3. Dime Dropper

    Dime Dropper Well-Known Member

    As long as we don't take back a horrible contract like Jeffries then I'll be OK with the deal. If we don't get Lee then we would have to get Balkman and Collins at least. But I'm not getting my hopes up that a deal will go through.
  4. Bricklayer

    Bricklayer Don't Make Me Use The Bat Staff Member Contributor

    Give me Lee, Collins and Rose (shortest of their contracts) and I might go for it. A problem here is that the Knicks would have a hole open then with their backup bigs if they moved Lee, having only too young/unproven Randolph Morris (pure center), Trash Bag man (trash bag game too -- another pure center), and then Balkman at a way way undersized about 6'8" 210. Jeffries can play up there a little, but not a lot. Guess you can swing Ron.

    Maybe we could promise them that when the restictions lift on the Jones and Dickau expirings in a couple of months we'd be graciously willing to swap them KT for those guys to fill the gap. :p
    Last edited: Jul 4, 2007
  5. PurpleHaze

    PurpleHaze Well-Known Member

    I have long preferred trading Bibby first over Artest. Mainly because the later is far more valuable on the court at this point than the former, the contract situation regarding each, and if there's ongoing chemistry problems with them playing together why move both unless the deal is right for the Kings.

    David Lee for Ron Artest is the kind of deal I would make with the Knicks, and I'd hold out for it. If Isiah won't pull the trigger on that one I would just wait for other teams offers - they'll be forthcoming.
  6. Čarolija

    Čarolija Well-Known Member

    I don't know if I would want to take on Rose's contract without sending Thomas the other way.

    Apart from Lee, Collins and their future 1st round pick, I really can't see anything that would interest me from Knicks. They just don't have the pieces so they would have to do a multiple team trade to get us what we really want. I just don't want us taking on any more bad contracts. Artest is pretty much an expiring contract so trading him for another longer contract defeats the purpouse.
  7. Bricklayer

    Bricklayer Don't Make Me Use The Bat Staff Member Contributor

    Unfortunately there is no way NOT to trade him for a longer contract when you are dealing with the Knicks, other than waiting until the enders finally clear up in September. But by that time the opportunity may be lost. Hence Rose -- its a bad contract of course, but only 2 years of badness (which actually could be how long Ron's is if he doesn't opt out).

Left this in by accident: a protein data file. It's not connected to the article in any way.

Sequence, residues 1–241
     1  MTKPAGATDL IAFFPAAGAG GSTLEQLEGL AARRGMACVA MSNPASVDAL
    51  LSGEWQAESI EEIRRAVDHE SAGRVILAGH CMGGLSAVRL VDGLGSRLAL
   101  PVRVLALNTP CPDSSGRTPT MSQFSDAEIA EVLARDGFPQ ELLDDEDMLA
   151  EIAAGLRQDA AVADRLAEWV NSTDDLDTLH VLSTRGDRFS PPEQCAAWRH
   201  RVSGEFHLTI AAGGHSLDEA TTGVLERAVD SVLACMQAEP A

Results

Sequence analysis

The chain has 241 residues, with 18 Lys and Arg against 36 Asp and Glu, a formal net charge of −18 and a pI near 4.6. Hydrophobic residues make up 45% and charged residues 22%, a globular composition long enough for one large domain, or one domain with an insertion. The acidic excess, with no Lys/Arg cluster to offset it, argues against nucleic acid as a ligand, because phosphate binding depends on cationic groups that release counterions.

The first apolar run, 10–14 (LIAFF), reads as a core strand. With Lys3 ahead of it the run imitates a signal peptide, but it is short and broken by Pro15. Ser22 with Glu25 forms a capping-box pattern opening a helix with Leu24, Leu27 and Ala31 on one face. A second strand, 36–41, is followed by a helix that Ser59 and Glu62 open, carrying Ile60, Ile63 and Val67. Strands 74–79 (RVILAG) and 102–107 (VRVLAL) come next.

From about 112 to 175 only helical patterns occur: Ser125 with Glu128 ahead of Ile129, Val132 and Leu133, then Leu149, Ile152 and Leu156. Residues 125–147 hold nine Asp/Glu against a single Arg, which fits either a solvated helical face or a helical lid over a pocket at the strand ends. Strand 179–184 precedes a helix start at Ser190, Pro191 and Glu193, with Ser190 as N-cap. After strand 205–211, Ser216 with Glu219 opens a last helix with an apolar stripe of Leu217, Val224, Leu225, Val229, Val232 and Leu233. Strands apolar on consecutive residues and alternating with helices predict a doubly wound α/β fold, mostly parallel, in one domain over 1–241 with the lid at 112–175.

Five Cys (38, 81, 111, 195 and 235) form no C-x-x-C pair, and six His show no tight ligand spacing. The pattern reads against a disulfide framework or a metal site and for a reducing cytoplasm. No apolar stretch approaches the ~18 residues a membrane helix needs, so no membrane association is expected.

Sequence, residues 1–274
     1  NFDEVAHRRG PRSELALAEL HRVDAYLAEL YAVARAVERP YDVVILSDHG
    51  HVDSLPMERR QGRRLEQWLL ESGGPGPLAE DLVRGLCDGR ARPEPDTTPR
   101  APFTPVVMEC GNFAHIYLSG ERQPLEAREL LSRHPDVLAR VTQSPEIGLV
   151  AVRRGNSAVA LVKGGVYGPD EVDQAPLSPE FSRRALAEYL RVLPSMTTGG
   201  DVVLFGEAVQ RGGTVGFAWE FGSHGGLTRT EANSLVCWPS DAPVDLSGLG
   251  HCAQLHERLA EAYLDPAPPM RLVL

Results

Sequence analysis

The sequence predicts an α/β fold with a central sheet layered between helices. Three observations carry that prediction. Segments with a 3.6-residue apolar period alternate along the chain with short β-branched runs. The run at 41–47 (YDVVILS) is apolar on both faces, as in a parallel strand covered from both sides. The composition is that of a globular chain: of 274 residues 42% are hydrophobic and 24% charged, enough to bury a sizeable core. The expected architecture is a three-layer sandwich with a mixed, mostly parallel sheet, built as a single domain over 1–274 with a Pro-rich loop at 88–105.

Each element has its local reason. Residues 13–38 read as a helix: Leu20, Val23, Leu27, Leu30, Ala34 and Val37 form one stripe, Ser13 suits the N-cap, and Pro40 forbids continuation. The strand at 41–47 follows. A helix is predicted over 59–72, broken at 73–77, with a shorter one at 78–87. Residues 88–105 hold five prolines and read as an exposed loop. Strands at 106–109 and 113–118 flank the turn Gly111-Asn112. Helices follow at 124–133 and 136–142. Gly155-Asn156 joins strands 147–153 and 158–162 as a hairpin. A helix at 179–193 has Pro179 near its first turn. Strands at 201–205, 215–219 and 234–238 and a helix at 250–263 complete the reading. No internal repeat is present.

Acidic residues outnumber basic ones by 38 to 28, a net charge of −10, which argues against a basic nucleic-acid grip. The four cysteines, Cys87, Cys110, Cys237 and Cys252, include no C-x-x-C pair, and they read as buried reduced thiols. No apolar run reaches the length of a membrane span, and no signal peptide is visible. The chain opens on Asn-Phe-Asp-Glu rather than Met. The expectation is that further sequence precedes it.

The real key being young talent on the way in. Marginally bad 2 yr contracts are ok as long as young talent comes with it IMO. And Lee gobbled up rebunds last year at a faster rate than Dwight Howard or KG. Be nice to involve a third team or some such, but just getting them to let go of Lee would be hard enough, let alone the rest. And Lee only earns $1mil.
    Last edited: Jul 4, 2007
  8. Dime Dropper

    Dime Dropper Well-Known Member

    And that's the key to the deal. It's about whether Petrie feels we'll be getting enough in return.
  9. bench_blob

    bench_blob New Member

    Lee came into Arco last year and grabbed like 16 rebounds and totally took every loose ball away from our anemic front line....I was a fan of Lee before he ever played a game when I watched him in the Summer League. Lee is just scratching the surface of what he can do because he has never played big minutes....he's like a Luke Walkton in terms of hustle, but more skilled and more athletic; and he's really adept with either hand around the basket.

    It should be noted Lee shot 60% last year b/c he never takes dumb shots, unlike the other bigs mentioned out there (Nene and Darko), makes very smart decisions with the ball and is VERY good passer for his position, again unlike the other bigs mentioned (Nene and Darko).

    If we could get Lee and Nate Robinson (and throw-ins) for Artest, that'd be a GREAT trade.

    As far as Hedo, been there, done that. KT for Hedo...yes. Artest for Hedo? NO!!!
    Last edited: Jul 4, 2007
  10. Dime Dropper

    Dime Dropper Well-Known Member